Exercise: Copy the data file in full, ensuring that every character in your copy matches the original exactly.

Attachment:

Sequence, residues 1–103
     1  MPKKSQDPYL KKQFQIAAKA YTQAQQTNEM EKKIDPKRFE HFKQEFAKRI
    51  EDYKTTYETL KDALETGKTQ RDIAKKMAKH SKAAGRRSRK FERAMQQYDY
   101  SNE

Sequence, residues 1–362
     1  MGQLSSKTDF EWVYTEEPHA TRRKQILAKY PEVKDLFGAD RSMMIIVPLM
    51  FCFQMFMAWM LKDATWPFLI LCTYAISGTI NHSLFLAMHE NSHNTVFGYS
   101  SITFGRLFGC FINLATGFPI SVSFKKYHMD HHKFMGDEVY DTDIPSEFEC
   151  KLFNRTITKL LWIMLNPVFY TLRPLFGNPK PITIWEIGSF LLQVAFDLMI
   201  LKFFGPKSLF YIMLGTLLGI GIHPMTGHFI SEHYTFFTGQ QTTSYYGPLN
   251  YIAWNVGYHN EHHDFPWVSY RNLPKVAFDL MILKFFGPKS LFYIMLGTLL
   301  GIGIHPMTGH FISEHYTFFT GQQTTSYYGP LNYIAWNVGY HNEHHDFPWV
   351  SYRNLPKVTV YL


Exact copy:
Sequence, residues 1–103
     1  MPKKSQDPYL KKQFQIAAKA YTQAQQTNEM EKKIDPKRFE HFKQEFAKRI
    51  EDYKTTYETL KDALETGKTQ RDIAKKMAKH SKAAGRRSRK FERAMQQYDY
   101  SNE

Sequence, residues 1–362
     1  MGQLSSKTDF EWVYTEEPHA TRRKQILAKY PEVKDLFGAD RSMMIIVPLM
    51  FCFQMFMAWM LKDATWPFLI LCTYAISGTI NHSLFLAMHE NSHNTVFGYS
   101  SITFGRLFGC FINLATGFPI SVSFKKYHMD HHKFMGDEVY DTDIPSEFEC
   151  KLFNRTITKL LWIMLNPVFY TLRPLFGNPK PITIWEIGSF LLQVAFDLMI
   201  LKFFGPKSLF YIMLGTLLGI GIHPMTGHFI SEHYTFFTGQ QTTSYYGPLN
   251  YIAWNVGYHN EHHDFPWVSY RNLPKVAFDL MILKFFGPKS LFYIMLGTLL
   301  GIGIHPMTGH FISEHYTFFT GQQTTSYYGP LNYIAWNVGY HNEHHDFPWV
   351  SYRNLPKVTV YL